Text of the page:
As it happened, the conference at BC was held in the final days leading up to the execution of the Oklahoma City bomber Timothy McVeigh, on June 11--an impending event that hung like a building thundercloud over the proceedings. One of the featured speakers was Bud Welch, an outspoken opponent of the McVeigh execution, whose 23-year-old daughter, Julie Marie, had been killed in Oklahoma City. Others included Sister Helen Prejean, CSJ, the author of the best-selling book Dead Man Walking: An Eyewitness Account of the Death Penalty in the United States, and Arun Gandhi, the fifth grandson of Mahatma Gandhi and the founder of the M. K. Gandhi Institute for Nonviolence, in Memphis, Tennessee. As Professor Alan Rogers of Boston College's history department pointed out in one of the opening sessions, the conference represented a continuation of the 300-year-old tradition of opposition to the death penalty in Massachusetts. Rogers also highlighted the important role played by the leadership of Boston College in the past century in convincing state officials to work to commute sentences of death and, ultimately, in 1975, to ban the practice altogether.

The beating heart of the conference, though, was the diverse group of people who wore green circles, whose children, siblings, spouses, or parents had suffered unspeakably horrible deaths. With a serenity and grace that was nothing short of astonishing, these men and women told their stories, struck up conversations with strangers, made jokes, and, yes, networked. The group, one participant pointed out, possessed a unique credibility and moral stature in its opposition to the death penalty.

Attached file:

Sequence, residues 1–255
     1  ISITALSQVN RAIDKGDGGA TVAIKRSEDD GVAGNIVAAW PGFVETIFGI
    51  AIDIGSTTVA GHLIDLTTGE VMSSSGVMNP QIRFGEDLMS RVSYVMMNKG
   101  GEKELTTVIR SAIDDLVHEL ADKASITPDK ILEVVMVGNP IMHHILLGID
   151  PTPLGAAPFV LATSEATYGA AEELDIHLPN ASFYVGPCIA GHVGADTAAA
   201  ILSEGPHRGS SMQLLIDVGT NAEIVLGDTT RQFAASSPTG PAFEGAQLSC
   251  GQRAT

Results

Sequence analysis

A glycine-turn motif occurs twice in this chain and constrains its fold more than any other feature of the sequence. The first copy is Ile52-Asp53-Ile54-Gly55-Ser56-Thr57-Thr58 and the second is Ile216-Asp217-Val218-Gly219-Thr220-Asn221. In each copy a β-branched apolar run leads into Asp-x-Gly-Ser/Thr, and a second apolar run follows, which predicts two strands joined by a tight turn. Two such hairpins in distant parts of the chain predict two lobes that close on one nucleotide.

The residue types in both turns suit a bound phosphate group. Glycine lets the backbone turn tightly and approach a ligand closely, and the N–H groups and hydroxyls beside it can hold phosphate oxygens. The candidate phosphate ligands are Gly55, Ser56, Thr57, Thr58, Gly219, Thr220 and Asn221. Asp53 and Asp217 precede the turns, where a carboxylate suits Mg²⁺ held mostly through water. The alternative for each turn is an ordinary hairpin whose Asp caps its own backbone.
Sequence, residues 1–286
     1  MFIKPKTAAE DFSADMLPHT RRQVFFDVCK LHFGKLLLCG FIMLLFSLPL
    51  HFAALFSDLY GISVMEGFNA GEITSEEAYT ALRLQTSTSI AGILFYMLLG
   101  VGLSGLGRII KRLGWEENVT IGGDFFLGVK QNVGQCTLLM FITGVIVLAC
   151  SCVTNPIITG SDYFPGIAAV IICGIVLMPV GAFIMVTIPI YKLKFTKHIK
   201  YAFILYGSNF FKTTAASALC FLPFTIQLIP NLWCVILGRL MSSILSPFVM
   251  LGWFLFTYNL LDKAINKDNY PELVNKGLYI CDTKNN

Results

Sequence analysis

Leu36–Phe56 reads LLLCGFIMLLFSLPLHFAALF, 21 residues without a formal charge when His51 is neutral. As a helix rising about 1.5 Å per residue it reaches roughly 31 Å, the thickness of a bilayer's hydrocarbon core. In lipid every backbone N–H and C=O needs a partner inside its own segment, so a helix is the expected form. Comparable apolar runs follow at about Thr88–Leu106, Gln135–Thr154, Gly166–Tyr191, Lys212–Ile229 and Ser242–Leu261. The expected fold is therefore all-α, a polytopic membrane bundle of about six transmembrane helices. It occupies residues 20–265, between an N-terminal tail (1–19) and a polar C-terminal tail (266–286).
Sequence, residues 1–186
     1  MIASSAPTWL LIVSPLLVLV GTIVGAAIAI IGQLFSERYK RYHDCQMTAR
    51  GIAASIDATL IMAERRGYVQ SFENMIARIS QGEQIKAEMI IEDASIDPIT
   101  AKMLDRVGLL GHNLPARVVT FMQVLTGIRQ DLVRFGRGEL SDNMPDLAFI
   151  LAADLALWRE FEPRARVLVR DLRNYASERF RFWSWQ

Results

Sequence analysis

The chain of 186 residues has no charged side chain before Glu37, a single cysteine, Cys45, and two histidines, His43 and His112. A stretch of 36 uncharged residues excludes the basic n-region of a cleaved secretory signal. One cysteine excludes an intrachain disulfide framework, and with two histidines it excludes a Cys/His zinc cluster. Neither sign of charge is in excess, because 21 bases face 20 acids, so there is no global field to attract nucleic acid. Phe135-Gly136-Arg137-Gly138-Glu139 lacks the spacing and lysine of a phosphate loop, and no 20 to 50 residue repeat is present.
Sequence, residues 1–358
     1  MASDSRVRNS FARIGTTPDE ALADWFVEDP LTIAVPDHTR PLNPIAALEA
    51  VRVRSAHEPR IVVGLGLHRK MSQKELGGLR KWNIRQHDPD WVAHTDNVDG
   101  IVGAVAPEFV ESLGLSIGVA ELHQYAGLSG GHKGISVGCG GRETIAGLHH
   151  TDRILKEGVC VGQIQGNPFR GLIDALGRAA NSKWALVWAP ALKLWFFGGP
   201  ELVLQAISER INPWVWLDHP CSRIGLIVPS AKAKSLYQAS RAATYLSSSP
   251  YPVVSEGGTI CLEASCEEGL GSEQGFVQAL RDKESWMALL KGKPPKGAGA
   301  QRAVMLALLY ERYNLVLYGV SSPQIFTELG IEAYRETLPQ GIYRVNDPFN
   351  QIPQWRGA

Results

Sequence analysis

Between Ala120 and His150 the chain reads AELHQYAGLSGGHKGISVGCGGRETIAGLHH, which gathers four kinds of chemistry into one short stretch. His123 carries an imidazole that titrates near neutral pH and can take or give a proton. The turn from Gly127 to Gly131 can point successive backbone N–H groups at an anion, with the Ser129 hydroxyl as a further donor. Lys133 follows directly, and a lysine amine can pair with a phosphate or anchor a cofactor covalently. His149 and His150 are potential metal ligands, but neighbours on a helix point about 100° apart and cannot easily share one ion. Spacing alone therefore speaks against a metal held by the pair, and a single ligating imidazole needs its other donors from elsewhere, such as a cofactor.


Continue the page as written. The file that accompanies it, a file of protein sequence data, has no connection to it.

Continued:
But abolition was only one item on the conference's agenda. Just as important was the desire, expressed repeatedly, to see that this country recognize, in principle and in law, the rights of murder victims' families--the right, for example, to receive, at the state's expense, immediate counseling, financial support, and legal advice, whether or not a suspect is apprehended; and the right to speak out in opposition to the death penalty during the prosecution of a murder.

At the same session at which SuZann Bosler told her story, another speaker, Gus Lamm, also told his. In 1980, his wife and her best friend had been murdered in Nebraska by a man named Randy Reeves. Lamm and his daughter, Audrey, who was two at the time of the murder, successfully filed suit in 1999 to stay Reeves's execution, but to date they have not been allowed formally to register their opposition to the execution in front of the Board of Pardons--a body that nonetheless has allowed another member of Lamm's family to register her support for it. The execution may well go ahead. Gus and Audrey have been ostracized, by the state and by pro-death family members, for the stand they have taken. Nevertheless, their resolve is undiminished, and the spirit that animates them is captured in a quote, from the apocryphal Chinese sage Lao-Tsu, that Gus recited during his presentation. "Man is not the executioner," he said, speaking from memory. "Nature is the executioner. And when man attempts to usurp nature, it is as though the apprentice has taken the master's cleave, at which point he stands a better chance of harming himself than of completing the task."

Toby Lester

Toby Lester is a freelance writer based in Boston.

Photo: Survivors SuZann Bosler and Gus Lamm recount their experiences as "bad" victims. Photo by Lee Pellegrini